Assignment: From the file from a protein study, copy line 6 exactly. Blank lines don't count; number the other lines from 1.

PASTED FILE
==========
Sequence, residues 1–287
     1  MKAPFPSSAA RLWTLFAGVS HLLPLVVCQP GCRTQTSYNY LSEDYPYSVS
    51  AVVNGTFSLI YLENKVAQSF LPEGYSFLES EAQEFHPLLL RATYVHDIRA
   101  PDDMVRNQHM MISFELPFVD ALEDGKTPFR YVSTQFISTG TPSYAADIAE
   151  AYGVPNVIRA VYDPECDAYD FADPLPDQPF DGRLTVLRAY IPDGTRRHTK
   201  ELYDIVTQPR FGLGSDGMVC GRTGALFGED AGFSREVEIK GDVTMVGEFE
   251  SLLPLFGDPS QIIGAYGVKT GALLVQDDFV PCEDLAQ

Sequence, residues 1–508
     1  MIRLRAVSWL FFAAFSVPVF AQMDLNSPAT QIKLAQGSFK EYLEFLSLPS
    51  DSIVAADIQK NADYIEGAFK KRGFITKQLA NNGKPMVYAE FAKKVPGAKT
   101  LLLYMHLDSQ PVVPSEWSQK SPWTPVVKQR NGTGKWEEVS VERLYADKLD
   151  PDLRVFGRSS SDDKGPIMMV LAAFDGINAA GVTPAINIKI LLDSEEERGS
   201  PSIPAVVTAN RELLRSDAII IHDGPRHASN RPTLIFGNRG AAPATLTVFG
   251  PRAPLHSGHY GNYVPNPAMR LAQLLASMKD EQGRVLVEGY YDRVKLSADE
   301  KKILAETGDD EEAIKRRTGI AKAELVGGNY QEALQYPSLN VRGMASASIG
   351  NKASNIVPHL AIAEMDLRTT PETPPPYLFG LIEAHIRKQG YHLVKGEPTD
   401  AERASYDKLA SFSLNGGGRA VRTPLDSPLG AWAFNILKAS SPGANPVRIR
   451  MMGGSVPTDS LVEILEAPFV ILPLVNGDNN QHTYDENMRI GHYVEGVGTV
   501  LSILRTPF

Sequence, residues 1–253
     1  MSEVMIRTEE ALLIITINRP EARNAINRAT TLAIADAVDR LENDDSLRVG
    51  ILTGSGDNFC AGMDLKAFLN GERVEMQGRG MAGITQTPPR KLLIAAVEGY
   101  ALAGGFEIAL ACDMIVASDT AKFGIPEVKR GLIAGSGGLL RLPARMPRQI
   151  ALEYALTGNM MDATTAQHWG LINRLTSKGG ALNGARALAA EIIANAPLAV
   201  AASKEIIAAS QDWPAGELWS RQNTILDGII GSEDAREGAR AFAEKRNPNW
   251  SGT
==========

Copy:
   201  ELYDIVTQPR FGLGSDGMVC GRTGALFGED AGFSREVEIK GDVTMVGEFE